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Worldwide Locations

Zhou Xiang: Green Activism in China, 'The Grassroots Way'

Green Anhui director Zhou Xiang. (Asia Society Northern California)

Green Anhui director Zhou Xiang. (Asia Society Northern California)

Have you worked on any other Qiugang-like cases?

Yes: Wanggang village and Xiaogang village. We are still working on these cases. Their pollution is also very serious. They probably won't need to shang fang. We use the media. We pressure our local governments. Our main office is located in the capital of Anhui, Hefei. So we can broadcast to all of Anhui. Hefei is the highest, and with higher status, it is easier to govern the offices underneath. So because we work out of the capital, we know a lot of people in the government and in media. So the lower levels may have some concern.

So do your activities and the law system have a tight relationship? Does the legal system as it now exists suit your activities?

Yes, there is a very tight relationship. Why, at the end of the day, did the chemical company have to move? Because according to Chinese law, a chemical factory cannot have residents living within one kilometer of it. But the company was just 20 meters away. So it was violating the law and it was shut down. The legal system is very broad. We may need a few specific problem-solving methods. That is to say, we need specific environmental protection laws. So they are in the process of being written. Afterwards, they will be applicable and usable. But, China's standards need to be lower than, say, Europe's.

Why's that?

Because only if standards are low will companies be willing to build. For instance, today I went to Asia Pacific Environment Network in Oakland. They told me that a chemical company in Oakland closed and moved to Shanghai, due to Shanghai having lower legal standards.

State of Environmental NGOs in China

So to what extent do you represent a trend? How many environmental NGOs are in China, and where are they?

China's environmental NGOs over the past few years have started to increase in number. But most of what they do is education and training. They do not do things like what we did in Qiugang, because they think the issues are too sensitive. The other problem is that the groups are all very young — four years old or younger — and a lot of their staff is also pretty young. So they focus on education and training.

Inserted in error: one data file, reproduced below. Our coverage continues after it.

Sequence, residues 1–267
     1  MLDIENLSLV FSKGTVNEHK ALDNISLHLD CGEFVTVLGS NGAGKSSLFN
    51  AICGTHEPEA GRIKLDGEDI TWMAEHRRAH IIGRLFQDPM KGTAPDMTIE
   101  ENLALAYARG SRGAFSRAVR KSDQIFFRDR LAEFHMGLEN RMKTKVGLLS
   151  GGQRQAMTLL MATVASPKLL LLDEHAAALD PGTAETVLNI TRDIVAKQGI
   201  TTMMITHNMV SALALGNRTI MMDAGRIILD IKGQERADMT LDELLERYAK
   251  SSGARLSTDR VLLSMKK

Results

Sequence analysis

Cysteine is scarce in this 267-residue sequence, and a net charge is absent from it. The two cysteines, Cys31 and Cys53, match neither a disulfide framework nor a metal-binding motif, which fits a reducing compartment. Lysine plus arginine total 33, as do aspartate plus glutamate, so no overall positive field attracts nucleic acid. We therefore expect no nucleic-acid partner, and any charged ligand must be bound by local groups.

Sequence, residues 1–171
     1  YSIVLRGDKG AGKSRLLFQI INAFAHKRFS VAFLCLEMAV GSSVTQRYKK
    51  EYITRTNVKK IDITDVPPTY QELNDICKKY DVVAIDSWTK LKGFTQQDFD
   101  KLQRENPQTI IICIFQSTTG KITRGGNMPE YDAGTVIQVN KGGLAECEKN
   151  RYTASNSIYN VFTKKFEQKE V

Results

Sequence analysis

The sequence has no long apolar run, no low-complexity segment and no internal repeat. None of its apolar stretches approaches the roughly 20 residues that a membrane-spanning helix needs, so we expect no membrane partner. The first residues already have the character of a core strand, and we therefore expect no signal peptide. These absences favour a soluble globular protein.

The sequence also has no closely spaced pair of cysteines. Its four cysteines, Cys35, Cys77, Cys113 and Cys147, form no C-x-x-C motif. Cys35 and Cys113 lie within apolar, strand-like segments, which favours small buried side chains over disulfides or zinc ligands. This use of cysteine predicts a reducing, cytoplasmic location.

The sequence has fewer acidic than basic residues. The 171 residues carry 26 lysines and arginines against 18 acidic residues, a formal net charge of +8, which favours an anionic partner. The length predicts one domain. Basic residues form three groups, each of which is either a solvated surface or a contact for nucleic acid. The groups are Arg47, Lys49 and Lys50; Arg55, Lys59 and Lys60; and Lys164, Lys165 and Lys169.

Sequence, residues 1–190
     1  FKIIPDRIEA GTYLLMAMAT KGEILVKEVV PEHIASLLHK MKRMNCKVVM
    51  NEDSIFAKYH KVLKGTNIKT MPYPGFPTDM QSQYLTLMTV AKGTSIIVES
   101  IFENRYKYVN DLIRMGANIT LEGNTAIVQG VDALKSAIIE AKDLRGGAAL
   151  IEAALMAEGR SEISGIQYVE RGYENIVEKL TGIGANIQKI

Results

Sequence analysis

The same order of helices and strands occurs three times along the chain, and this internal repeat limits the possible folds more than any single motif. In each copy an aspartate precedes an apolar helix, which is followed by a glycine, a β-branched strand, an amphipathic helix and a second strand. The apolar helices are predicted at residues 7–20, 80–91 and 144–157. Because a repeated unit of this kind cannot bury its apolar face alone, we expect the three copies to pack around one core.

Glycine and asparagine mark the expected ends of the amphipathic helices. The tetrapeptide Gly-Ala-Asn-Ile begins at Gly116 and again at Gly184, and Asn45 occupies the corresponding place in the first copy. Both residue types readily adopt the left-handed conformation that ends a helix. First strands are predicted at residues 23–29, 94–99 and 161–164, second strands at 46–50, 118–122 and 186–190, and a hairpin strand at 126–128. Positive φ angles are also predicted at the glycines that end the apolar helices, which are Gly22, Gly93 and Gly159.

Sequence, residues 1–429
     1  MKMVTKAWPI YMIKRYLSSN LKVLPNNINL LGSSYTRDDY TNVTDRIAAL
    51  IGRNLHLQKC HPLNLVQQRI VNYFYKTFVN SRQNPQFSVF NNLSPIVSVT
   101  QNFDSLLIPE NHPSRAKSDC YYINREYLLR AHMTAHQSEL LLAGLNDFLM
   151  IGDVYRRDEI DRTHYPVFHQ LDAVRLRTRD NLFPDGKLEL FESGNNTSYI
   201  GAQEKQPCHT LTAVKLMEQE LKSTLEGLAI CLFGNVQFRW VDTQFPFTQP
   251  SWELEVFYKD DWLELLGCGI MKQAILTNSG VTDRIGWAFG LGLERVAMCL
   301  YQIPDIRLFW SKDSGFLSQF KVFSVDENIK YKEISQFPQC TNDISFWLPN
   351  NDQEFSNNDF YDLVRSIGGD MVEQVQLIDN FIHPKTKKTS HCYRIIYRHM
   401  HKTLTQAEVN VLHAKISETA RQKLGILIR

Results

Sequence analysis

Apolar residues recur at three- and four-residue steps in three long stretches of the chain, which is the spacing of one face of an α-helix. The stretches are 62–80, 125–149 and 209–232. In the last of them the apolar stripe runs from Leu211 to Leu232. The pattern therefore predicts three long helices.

So our activities in Qiugang are not typical of all NGOs. It is not typical for us, either. We also mostly do education and training.

The number of NGOs in China will continue to increase because China has recently opened up registration. In the past, it was very hard to register because we had to go through multiple departments for permission. Now you just have to register with one bureau. It's like in the U.S., where if you want to become a 501(c) [non-profit classification], you register for it, and then you get certain tax benefits. This is now available in China, too. So lately regulations have loosened up a bit.

Most of all, NGOs in China need time. The need to build up experience. They only have a little money. Some only have one or two staff members – extremely small.

In the past year it became a new rule that if you receive foreign funding, you must get it notarized. Is this a problem?

As far as we're concerned, it's not a big problem, because we don't have to get notarized. For instance, the American Bar Association [a law-related NGO] gives us money to train environmental lawyers. And this is not a problem. As long as we write a report that says who we invite for training and what we are teaching, then it's fine. Once it has been approved, we can go ahead.